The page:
LONDON -- As lawmakers prepared to debate their response to alleged chemical weapons attacks by the Syrian regime, the British government laid out its arguments Thursday for the legality of military intervention “as an exceptional measure on grounds of overwhelming humanitarian necessity.”
Prime Minister David Cameron’s office said the aim of striking specific targets within Syria would be to deter President Bashar Assad’s regime from launching further chemical attacks and to alleviate human suffering. Any military operation would be confined solely to that objective and to a limited amount of time, officials said.
Also Thursday, the British government's Joint Intelligence Committee released a memo calling it “highly likely” that Assad’s forces were behind a suspected major chemical attack in eastern Damascus last week. It said evidence from many sources supported that conclusion, but it expressed puzzlement as to “the regime’s precise motivation for carrying out an attack of this scale at this time.”
The Obama administration is expected to release its own explanation for concluding that Assad gassed rebel-held neighborhoods.
Cameron has been one of the most vocal advocates of punishing the Syrian regime and has introduced a resolution at the U.N. Security Council to authorize it. Chances that the resolution will pass are slim in the face of Russian and Chinese opposition.
He is now confronted with serious reservations at home as well, with the opposition Labor Party and some of his fellow Conservatives demanding that he slow down the pace toward military intervention and wait for a report from U.N. weapons inspectors before making a decision. Many Britons are leery of striking Syria after watching their country go to war in Iraq based on false claims of weapons of mass destruction there.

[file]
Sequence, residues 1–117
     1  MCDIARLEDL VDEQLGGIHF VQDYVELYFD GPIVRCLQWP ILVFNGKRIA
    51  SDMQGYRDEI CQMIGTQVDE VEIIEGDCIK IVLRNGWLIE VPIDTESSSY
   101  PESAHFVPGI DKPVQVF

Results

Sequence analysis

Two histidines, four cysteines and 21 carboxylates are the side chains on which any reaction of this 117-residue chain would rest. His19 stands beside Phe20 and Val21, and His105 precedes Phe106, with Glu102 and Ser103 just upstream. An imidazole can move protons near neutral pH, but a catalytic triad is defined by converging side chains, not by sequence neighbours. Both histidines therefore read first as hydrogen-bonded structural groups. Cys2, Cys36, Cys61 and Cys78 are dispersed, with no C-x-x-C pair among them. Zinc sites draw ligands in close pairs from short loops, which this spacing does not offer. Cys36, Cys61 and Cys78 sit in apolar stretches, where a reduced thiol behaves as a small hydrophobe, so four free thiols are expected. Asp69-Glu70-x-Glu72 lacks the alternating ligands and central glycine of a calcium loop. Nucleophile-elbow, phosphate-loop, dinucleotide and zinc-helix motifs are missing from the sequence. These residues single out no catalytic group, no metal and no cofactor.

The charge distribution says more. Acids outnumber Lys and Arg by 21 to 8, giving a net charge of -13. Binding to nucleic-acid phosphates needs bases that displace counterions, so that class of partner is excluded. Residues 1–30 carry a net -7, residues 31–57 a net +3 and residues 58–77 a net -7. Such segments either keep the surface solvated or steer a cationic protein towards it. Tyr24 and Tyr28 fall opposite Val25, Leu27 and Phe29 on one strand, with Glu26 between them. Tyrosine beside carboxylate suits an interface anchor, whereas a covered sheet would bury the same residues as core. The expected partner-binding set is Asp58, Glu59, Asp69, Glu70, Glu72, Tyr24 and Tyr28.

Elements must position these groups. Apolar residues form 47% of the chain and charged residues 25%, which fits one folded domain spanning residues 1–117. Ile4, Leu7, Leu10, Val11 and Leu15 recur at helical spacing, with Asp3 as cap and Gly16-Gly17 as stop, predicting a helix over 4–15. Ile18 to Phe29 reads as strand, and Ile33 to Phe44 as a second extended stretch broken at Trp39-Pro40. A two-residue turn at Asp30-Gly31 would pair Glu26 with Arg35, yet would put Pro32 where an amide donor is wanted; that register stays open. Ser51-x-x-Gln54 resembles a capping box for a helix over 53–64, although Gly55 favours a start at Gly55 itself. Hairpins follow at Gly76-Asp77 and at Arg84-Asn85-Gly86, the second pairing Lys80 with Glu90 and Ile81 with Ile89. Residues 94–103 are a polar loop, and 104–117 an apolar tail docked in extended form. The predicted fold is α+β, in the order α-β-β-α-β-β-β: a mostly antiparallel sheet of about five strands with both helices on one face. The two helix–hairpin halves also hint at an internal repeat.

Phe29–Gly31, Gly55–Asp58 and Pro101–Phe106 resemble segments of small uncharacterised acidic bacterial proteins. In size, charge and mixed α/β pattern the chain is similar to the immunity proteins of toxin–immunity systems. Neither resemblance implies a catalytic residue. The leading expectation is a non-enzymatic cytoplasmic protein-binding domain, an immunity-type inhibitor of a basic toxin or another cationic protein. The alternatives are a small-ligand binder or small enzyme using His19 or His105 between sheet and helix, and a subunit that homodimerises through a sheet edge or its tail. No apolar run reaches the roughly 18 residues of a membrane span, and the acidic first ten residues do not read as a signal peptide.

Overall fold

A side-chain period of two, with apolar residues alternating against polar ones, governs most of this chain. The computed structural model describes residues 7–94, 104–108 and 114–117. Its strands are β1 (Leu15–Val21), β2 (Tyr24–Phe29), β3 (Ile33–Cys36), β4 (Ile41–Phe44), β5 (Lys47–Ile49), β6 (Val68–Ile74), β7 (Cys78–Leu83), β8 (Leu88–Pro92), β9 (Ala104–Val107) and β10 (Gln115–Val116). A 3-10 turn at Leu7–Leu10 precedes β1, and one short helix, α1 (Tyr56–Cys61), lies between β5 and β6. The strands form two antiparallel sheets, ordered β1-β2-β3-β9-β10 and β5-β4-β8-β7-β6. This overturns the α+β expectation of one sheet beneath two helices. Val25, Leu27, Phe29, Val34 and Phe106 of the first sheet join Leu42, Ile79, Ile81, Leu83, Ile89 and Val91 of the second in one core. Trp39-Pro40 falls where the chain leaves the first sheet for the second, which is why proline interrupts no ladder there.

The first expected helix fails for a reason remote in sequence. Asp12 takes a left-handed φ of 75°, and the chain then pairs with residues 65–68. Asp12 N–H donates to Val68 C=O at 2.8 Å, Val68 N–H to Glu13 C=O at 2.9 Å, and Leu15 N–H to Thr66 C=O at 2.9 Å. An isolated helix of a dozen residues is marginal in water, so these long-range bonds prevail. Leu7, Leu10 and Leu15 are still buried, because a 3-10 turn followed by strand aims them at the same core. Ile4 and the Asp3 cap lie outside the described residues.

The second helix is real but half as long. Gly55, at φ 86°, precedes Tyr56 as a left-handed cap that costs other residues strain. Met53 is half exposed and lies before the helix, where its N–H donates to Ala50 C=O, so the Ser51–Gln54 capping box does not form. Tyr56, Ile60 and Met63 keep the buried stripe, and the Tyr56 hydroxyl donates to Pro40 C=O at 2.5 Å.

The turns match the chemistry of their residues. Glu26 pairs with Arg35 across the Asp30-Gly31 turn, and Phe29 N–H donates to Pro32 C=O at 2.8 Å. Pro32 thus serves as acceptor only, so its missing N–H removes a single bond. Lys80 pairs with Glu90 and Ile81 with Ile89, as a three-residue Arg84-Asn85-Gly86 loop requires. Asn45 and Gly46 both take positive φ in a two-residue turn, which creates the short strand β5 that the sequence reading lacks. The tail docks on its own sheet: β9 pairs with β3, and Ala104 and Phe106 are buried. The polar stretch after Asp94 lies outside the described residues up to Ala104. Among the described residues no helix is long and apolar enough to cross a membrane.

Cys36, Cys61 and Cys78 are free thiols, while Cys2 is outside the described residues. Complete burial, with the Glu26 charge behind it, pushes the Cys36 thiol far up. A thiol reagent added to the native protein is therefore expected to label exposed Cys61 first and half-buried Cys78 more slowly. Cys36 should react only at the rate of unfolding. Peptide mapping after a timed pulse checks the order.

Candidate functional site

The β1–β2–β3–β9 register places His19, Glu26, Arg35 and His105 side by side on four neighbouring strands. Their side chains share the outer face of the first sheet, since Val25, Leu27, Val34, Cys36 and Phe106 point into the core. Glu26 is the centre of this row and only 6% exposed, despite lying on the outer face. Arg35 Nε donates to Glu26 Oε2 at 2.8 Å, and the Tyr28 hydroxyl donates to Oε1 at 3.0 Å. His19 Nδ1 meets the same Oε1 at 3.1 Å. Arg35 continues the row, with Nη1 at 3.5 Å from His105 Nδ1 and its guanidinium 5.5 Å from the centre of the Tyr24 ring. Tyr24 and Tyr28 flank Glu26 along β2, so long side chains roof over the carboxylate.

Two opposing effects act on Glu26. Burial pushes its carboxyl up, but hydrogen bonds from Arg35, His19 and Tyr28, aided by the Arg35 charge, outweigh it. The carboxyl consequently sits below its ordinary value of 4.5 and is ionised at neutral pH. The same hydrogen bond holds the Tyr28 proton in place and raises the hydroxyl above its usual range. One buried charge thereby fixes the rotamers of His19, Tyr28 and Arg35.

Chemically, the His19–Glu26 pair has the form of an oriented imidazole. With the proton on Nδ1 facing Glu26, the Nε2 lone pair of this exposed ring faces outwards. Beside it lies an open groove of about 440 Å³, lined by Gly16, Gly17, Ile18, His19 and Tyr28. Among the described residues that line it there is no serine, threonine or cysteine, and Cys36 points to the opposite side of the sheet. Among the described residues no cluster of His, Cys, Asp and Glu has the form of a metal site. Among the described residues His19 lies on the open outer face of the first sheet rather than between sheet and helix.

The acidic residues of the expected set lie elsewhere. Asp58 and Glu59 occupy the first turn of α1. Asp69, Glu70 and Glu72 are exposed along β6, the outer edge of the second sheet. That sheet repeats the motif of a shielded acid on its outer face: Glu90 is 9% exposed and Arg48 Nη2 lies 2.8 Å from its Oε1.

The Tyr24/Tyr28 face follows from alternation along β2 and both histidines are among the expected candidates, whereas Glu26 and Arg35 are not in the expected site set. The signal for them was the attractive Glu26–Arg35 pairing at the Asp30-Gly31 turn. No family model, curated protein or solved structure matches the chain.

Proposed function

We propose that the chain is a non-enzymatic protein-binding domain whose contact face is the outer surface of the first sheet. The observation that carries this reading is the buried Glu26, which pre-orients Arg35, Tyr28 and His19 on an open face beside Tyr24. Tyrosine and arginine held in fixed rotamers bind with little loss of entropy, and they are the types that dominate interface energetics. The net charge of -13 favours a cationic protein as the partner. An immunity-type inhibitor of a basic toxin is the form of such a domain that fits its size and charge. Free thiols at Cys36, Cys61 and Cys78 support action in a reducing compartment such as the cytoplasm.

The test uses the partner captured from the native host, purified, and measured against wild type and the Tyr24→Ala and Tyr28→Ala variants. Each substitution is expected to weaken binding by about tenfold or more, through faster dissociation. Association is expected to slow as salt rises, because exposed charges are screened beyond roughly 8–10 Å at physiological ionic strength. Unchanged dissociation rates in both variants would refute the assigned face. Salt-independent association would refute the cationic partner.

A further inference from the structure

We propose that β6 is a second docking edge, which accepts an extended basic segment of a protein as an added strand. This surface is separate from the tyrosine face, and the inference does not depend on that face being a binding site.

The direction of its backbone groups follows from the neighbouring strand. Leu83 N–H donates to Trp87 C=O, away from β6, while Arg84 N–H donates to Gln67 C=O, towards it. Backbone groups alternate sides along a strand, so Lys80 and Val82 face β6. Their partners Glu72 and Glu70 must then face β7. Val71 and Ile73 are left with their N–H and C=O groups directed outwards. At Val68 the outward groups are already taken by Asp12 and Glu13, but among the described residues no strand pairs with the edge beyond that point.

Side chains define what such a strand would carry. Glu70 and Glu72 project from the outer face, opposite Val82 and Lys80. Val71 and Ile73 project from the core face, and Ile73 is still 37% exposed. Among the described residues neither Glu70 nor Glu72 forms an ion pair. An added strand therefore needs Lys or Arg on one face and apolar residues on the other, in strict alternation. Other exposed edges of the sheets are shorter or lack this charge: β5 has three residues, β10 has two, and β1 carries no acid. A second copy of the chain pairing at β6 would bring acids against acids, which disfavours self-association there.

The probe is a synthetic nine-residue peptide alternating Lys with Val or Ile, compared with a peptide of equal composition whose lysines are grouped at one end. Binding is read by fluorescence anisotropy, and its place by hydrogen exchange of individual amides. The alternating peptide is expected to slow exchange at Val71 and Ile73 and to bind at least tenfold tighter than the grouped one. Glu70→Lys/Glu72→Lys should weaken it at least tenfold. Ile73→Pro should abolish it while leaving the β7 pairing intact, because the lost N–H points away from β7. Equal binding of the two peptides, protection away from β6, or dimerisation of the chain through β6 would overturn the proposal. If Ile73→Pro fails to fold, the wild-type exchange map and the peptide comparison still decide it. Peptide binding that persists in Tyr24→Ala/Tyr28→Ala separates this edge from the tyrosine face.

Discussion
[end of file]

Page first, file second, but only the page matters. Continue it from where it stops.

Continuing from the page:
Under increasing pressure from skeptics, Cameron was forced to pull back Wednesday night from putting forward a motion in Parliament authorizing military intervention.
Instead, British lawmakers are to debate a watered-down government motion Thursday deploring the use of chemical weapons and endorsing military force as a legitimate response in principle. Any actual attack would be subject to another vote.
"I'm determined we learn the lessons of the past, including Iraq," Labor Party leader Ed Miliband said. "And we can't have the House of Commons being asked to write a blank check to the prime minister for military action."
Cameron’s government has said that launching an attack on Syria would ideally be done with U.N. backing. But even without the world body's blessing, British officials say, such intervention would comply with international law.
The argument released Thursday identifies the legal basis as allowable “humanitarian intervention” as long as certain conditions are met: that there is convincing evidence of a humanitarian catastrophe requiring immediate relief, that there is “no practicable alternative to the use of force if lives are to be saved,” and that any attack is limited in time and scope.
Separately, British defense officials said they were deploying six Typhoon fighter jets to Cyprus to protect Britain's military base there.